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German Judges Strike Back, Say ECB Isn’t Master of Universe

Bloomberg logo Bloomberg 5/12/2020 Karin Matussek and Stephanie Bodoni

(Bloomberg) -- Members of Germany’s top court continued to defend their controversial decision that questioned the underpinning of the European Central Bank’s asset repurchase program, saying national courts do have a limited oversight role over the bloc’s judges.

Peter Huber, who drafted last week’s ruling for Germany’s constitutional court, said the judges wanted the ECB to take responsibility for the quantitative easing program and to explain it to those negatively affected. In another newspaper interview, his colleague Andreas Vosskuhle denied that the EU top court always has the last word in matters of the region’s law.

“The message to the ECB is actually homeopathic,” Huber, 61, said Tuesday in Sueddeutsche Zeitung. “It shouldn’t see itself as the ‘Master of the Universe.’ An institution like the ECB, which is only thinly legitimized democratically, is only acceptable if it strictly adheres to the responsibilities assigned to it.”

The landmark May 5 German court decision said that the ECB is violating EU law by failing to properly justify its bond purchases program. The ruling risks opening a legal can of worms, as it challenged the supremacy of EU judges, whose rulings are binding across the 27-nation bloc.

The court accused its EU counterpart in Luxembourg of overstepping its powers when it backed the ECB’s monetary policy. That poses the risk of other nations starting to doubt the authority of the EU Court of Justice, an issue that may eventually threaten the future of the EU and its common currency.

The 7-to-1 decision, which goes against a 2018 ruling by the EU Court of Justice that upheld quantitative easing, opens a rift between the regional and national courts. EU officials are even considering suing Germany over the ruling.

“The best would be to calm down and to consider whether our ruling in the end does make some right points,” Huber said.

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The German “ruling is good for Europe because it strengthens the rule of law,” Vosskuhle, the tribunal’s president, told Die Zeit.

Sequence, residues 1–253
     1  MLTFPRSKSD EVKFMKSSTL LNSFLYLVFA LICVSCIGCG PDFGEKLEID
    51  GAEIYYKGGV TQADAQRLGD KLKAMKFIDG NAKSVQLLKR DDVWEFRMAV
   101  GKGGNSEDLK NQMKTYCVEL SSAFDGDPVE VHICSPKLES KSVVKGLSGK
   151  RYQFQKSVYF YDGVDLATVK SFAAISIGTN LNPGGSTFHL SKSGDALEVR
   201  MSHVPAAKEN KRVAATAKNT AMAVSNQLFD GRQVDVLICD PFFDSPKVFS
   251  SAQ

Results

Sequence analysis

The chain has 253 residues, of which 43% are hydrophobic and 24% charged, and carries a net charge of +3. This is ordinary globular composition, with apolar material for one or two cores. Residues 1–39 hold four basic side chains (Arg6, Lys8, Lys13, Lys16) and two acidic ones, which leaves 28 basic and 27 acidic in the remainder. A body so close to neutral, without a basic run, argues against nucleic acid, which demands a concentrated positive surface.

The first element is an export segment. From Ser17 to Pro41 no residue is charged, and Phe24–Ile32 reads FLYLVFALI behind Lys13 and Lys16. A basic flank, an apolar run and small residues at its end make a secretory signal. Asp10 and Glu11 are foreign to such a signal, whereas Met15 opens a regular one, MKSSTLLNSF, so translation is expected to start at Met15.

Many national constitutional courts have held that they “may and are obliged to step in the rare exceptional cases when EU institutions gravely transgress their powers.”

Huber said the German court only wants proof that ECB’s quantitative easing program is within its mandate. The central bank must show that it hasn’t overstepped its powers, as it doesn’t have the right to transgress its mandate just because Europe is in a crisis, he said.

An ECB spokesman declined to comment.

Vosskuhle and Huber are the architects of the ruling. While they come from different political backgrounds -- Vosskuhle a liberal, Huber a conservative -- they agree very much on how the power should be balanced between national and EU institutions. They were instrumental in orchestrating the majority on the panel consisting of eight judges.

The idea that national courts must police EU institutions if the EU top court fails to do so dates back to the early 1970s. In a long line of cases, the German constitutional court, which is very influential, developed it further.

Vosskuhle and Huber were key in many cases over EU integration, which yielded countless “yes, but” rulings, voicing strong criticism of some EU policies but always stopping short of ruling against them. Until last week.

The 56-year-old Vosskuhle, whose term formally ended the day after the ECB judgment was delivered, called the ruling a “contribution to the dialog” between the courts.

“We see that the judgment worries a lot of people and we’re not happy about that,” said Vosskuhle, who will remain on the bench until a successor is appointed. “But we are bound by law and justice.”

While rulings of the ECJ are binding on member states, the institution depends largely on national courts to enforce its decisions. Even if they disagree, national courts eventually comply or in rare cases, the EU court has changed tack. It’s the first time the top court in Germany -- arguably the bloc’s most important member -- failed to follow the EU tribunal’s ruling.

Direct Challenge

“This is a direct challenge to the core authority of the ECJ, in a context where Poland and Hungary are also under scrutiny of the court for their various infringements to the principle of the rule of law,” said Sebastien Platon, a professor of public law at the University of Bordeaux. “Rejecting that is rejecting the very purpose of this court.”

Unlike Poland or Hungary, the German judges don’t want to stop the EU top court from its oversight of the region’s institutions, Huber said.

“We got a lot of applause from the wrong side,” said Huber, referring to comments by Poland’s government lauding the German ruling.

The German judges accept the role of the bloc’s top court and will only intervene in exceptional cases, Huber said.

“We want the EU top court to do its job better,” the judge said.

(Updates with information in the judges’ role in ninth paragraph.)

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